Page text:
Second string Italy sink Wales to maintain perfect record
The Azzurri topped Group A with a 1-0 victory over Wales, who clinched second place and a place in the last-16 alongside their opponents.
A much-changed Italian side showed their strength in depth as they cruised to victory over Gareth Bale and company, who were reduced to 10 men for the last half hour of the match after a straight red for Ethan Ampadu.
The Atalanta midfielder Matteo Pessina scored in the 40th minute and Italy passed up a plethora of chances to add to the scoreline in an utterly dominant display. Wales were grateful for a fine performance from goalkeeper Danny Ward but did have opportunities of their own, with Bale and Chris Gunter going close.
Italy had already secured qualification with two wins and Roberto Mancini decided to give his regulars a rest by making 8 changes, with Gianluigi Donnarumma, Leonardo Bonucci and Jorginho the only survivors from their 3-0 win over Switzerland. Wales were more worried about suspension, and Robert Page switched out the yellow card carrying Ben Davies, Chris Mepham and Kieffer Moore for Neco Williams, Ampadu and Chris Gunter.
Straight from kickoff, Italy were the dominant force, dictating the play and penning the Welsh into their own half. Their tactic of sending long, crossfield balls for the attacking trio of Andrea Belotti, Federico Chiesa and Federico Bernardeschi to run onto had the Wales backline in a tizzy, with young wingback Neco Williams looking particularly vulnerable.
The returning Marco Verratti, making his first start of the tournament, was the star turn of the match, sidestepping tackles and kickstarting attacks with utmost composure. In the 39th minute, he was shunted to the ground by Joe Allen but dusted himself off to take the freekick wide on the right. His low, curling delivery was met at the near post by Pessina, whose touch took the ball across Ward’s dive and into the bottom left corner.
Italy had already missed a couple of chances before the goal, with Belotti just missing a long ball into the box and Chiesa firing wide. The only first half chance for Wales was a Gunter header just over the bar in the 27th minute.
In the second half, Italy picked up where they had left off in the first. They never allowed Wales a chance to breathe and almost extended their lead in the 53rd minute, when Bernardeschi curled a low freekick around the wall but onto the base of the post.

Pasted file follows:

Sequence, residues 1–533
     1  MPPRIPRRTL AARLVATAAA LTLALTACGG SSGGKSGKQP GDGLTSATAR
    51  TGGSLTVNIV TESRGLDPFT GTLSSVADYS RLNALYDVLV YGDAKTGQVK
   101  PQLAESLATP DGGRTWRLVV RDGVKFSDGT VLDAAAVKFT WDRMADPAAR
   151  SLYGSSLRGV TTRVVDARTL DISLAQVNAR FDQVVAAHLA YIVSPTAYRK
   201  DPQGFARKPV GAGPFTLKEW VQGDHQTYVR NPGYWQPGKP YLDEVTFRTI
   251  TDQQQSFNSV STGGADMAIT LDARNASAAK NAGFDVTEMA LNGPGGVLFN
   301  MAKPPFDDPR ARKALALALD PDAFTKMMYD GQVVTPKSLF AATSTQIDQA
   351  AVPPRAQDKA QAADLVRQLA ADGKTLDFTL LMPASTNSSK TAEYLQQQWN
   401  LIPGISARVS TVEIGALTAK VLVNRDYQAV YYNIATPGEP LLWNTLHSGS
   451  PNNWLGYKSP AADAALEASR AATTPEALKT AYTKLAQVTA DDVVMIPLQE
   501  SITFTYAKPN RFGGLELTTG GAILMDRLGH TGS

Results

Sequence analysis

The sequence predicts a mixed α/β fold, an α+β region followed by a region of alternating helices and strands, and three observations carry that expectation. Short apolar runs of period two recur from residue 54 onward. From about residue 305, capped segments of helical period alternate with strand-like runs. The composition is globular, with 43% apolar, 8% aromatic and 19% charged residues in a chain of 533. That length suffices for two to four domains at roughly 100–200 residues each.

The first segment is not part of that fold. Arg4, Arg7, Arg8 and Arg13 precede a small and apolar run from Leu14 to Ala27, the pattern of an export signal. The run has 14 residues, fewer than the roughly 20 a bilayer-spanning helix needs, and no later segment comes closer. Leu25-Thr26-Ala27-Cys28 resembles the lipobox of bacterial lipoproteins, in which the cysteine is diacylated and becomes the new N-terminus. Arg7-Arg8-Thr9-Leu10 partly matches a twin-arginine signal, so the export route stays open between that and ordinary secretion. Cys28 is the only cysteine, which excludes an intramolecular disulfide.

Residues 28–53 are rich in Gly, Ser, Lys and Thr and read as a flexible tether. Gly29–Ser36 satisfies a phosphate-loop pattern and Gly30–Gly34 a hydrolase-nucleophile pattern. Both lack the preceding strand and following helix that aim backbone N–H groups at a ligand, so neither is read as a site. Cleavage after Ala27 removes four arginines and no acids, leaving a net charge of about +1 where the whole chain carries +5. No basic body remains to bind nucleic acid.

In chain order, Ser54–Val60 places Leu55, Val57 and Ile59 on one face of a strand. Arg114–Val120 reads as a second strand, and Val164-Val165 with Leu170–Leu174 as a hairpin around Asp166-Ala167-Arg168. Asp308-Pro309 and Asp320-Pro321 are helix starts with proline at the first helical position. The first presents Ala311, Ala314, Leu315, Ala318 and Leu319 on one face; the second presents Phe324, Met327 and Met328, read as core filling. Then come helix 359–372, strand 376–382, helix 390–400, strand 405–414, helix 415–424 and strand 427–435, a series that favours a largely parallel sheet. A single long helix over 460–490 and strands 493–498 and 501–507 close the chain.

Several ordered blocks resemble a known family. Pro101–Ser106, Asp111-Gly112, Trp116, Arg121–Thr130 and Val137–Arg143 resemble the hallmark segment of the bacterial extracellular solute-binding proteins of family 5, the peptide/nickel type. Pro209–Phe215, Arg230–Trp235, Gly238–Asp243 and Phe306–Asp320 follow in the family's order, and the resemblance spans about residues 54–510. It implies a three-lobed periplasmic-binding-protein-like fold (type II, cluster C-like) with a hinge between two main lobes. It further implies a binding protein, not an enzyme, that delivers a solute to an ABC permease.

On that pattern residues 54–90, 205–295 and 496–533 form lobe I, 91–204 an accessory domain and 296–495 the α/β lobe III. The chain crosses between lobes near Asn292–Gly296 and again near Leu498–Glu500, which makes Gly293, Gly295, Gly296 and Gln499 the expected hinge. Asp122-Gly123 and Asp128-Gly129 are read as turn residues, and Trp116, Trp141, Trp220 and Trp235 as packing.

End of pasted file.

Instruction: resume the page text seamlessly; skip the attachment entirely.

Wales suffered another setback five minutes later, when the referee showed Ampadu the red card for a tackle on Bernardeschi in the centre circle. The tackle was not malicious, merely mistimed, and on another day the Welsh centre-back may have got away with a yellow card.
With their numerical advantage, the Italians could have run up the score and wreaked havoc with Wales’ goal difference. Instead they lifted the collective foot off the pedal slightly and were nearly made to pay by Gareth Bale. A freekick into the Italian box was sent back across goal by Joe Rodon to the unmarked Bale. But the Wales captain ballooned his volley over the bar.
The rest of the match played out in serene fashion as Italy played keep-ball. The only interesting occurrence was the sight of reserve goalkeeper Salvatore Sirigu coming on for Donnarumma in the last minute, for no other discernible reason than a bit of game-time for the veteran.
The result meant that, although Switzerland’s 3-1 victory over Turkey brought them level on points with Wales, the Welsh side’s superior goal difference secured them second place in the group and automatic qualification to the round of 16, where they will face the runners-up of Group B.
Meanwhile, Italy kept their perfect record at the tournament intact, winning 3 games, scoring 7 goals and conceding none, and also extended their unbeaten run to 30 games, equaling their national record. They look an extremely dangerous side and will fancy their chances of winning the whole thing. They will face the runners-up of Group C in the pre-quarters.